Four girls. One summer. And a pact to do the impossible. Skyler, Ellie, Scarlett, and Amelia Grace are forced to spend the summer at the lake house where their moms became best friends. One can’t wait. One would rather gnaw off her own arm than hang out with a bunch of strangers just so their moms can drink too much wine and sing Journey at two o'clock in the morning. Two are sisters. Three are currently feuding with their mothers. One is hiding how bad her joint pain has gotten. All of them are hiding something. One falls in love with a boy she thought she despised. One almost sets her crush on fire with a flaming marshmallow. One has a crush that could change everything. None of them are the same at the end of the summer.
The Summer of ImpossibilitiesFeatured
Scarlett has anxiety, which is currently being treated, but she still bears the scars from cutting and she worries that others will find her damaged. Her awful boyfriend feeds into these fears, while also pressuring her to have sex and proclaiming himself to be a good boy/nice guy (you figure out very quickly that he is not).
Amelia Grace and her mother live under the patriarchal/misogynistic thumb of her stepfather and his church. After an unfortunate coming out in front of the congregation, Amelia Grace has been ostracized until she can go back in the closet. She feels torn between religion and being true to herself. She is also in love with one of the other girls she will be staying with for the summer.
Ellie is dealing with cyber bullying and is desperate to make some real friends. She is excited for this summer and hopes to make the other girls into her BFFs by the end. When they find an old charter for a Southern Belle Drinking Club, Ellie latches onto the idea, and they all decide to accomplish something impossible for the summer.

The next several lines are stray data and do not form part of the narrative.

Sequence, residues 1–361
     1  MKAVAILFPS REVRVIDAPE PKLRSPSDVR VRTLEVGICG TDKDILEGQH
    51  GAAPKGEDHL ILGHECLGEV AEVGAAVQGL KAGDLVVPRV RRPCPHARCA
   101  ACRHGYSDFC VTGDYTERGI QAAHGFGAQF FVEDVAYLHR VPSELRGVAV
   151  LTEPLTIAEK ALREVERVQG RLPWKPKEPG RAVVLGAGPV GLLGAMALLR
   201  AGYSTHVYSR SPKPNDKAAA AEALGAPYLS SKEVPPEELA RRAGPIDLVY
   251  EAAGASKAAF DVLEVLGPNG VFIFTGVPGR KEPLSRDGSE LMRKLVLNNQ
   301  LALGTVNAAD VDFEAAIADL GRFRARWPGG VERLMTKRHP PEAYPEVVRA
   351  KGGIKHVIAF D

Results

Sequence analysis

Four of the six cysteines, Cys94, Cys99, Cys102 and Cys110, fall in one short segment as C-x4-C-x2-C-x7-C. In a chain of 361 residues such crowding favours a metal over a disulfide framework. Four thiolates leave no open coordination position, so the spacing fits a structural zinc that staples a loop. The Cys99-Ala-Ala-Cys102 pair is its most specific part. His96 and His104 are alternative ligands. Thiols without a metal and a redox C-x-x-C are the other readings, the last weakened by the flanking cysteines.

What I loved: This has a big feeling of sisterhood and camaraderie that I really enjoyed. The girls each really come to life throughout the book. I also liked the juxtaposition of churches in that religion and sexual orientation do not always have to be at odds. The book is overall positive and about living and loving and sharing everything with your friends.
What left me wanting more: A lot of issues are treated at a very superficial/surface level. It may be because we are following so many characters (the four girls and their mothers), but I think I would have cut down on the character drama (every single one had something big) and focused in on a few key storylines so that we could go a little deeper and explore more.
Final verdict: Overall, this YA contemporary fiction is a celebration of friendship and the families we create. This is a summer of growth, opportunity, and gained wisdom. Would highly recommend for fans of THE SISTERHOOD OF THE TRAVELING PANTS.